Researchers from the University of Alberta found fossilised remains of three flying dinosaurs in the belly of a raptor-like predator called Sinocalliopteryx.
Sinocalliopteryx was about two metres in length and roughly the size of a modern-day wolf.
Sinocalliopteryx's meals were three flying Confuciusornis. Confuciusornis was one of the earliest birds and had a crude version of a modern bird's skeleton and muscles.
Researchers said such primitive birds were probably limited to slow take-offs and short flights.
"Sinocalliopteryx didn't have wings or the physical tools needed to be an adept tree climber," co-author Scott Persons, said.
"The fact that this Sinocalliopteryx had, not one, but three undigested birds in its stomach indicate it was a voracious eater and a very active hunter," Persons said.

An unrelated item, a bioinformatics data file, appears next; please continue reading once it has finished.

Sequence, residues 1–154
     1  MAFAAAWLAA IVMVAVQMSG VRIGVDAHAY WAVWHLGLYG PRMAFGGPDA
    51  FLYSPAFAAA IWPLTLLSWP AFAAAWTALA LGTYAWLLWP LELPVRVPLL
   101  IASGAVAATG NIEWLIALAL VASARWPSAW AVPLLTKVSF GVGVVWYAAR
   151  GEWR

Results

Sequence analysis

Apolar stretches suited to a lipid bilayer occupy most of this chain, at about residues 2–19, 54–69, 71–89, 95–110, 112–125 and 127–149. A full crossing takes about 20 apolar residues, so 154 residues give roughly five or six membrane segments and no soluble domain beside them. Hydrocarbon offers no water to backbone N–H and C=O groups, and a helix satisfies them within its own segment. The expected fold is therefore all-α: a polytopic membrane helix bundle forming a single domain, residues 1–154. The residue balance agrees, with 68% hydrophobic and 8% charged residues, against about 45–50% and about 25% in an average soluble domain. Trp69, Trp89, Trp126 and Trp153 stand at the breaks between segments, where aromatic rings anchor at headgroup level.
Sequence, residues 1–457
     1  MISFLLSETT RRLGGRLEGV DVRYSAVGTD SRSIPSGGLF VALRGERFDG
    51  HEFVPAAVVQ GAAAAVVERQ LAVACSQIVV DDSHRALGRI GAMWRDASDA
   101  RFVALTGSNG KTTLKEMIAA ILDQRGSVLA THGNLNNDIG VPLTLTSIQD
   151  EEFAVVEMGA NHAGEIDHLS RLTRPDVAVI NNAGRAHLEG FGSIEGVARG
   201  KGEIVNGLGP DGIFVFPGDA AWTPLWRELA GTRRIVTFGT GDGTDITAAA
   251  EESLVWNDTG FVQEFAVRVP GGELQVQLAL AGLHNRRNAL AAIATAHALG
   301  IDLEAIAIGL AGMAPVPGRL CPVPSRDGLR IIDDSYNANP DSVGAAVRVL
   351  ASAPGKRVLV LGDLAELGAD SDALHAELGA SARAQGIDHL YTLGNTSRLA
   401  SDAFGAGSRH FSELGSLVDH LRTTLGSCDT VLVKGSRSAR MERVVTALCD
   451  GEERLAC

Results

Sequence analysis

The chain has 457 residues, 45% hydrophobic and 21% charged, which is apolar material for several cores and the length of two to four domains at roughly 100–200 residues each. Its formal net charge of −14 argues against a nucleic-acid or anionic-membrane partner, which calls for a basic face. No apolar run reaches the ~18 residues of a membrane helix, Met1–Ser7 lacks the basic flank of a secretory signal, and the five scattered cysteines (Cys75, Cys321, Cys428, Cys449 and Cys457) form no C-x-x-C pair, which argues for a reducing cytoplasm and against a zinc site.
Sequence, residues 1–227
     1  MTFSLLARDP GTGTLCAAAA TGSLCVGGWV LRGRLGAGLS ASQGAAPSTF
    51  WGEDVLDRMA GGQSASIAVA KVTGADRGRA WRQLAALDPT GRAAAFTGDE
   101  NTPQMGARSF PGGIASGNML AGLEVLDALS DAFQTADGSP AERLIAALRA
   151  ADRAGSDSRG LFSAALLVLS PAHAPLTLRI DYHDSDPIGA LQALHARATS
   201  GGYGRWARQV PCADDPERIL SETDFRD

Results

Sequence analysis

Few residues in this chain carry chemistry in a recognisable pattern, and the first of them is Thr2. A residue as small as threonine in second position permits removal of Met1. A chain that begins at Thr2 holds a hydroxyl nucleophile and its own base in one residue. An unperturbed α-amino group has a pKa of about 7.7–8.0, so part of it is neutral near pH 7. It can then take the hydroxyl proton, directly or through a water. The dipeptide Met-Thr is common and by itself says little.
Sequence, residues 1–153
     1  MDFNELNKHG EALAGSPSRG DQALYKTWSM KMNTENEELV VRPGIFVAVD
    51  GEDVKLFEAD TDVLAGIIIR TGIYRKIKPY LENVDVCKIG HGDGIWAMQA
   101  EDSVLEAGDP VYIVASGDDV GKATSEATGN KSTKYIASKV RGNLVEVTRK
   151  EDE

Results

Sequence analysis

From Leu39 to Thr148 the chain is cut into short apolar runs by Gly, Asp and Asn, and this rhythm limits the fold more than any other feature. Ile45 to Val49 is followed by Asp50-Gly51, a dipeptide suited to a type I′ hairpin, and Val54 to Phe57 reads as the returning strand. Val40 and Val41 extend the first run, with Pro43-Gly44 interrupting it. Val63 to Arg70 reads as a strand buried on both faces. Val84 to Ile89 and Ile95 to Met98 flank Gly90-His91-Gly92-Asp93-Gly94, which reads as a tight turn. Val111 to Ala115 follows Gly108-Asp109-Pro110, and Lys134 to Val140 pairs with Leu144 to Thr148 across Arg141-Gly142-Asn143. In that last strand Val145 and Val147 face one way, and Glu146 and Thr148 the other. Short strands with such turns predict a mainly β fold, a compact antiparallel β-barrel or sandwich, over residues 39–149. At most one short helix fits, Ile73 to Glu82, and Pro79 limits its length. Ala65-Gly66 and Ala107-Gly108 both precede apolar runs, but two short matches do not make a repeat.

The fossil skeleton was found in China's Liaoning region along with a second Sinocalliopteryx.
The second dinosaur had eaten a Sinornithosaurus, a small feathered meat-eater about the size of a house cat that may have been able to fly or glide short distances.
Toronto: Researchers have discovered that a flightless wolf-like dinosaur was able to catch and prey on small flying dinosaurs.
First Published: Thursday, August 30, 2012, 18:56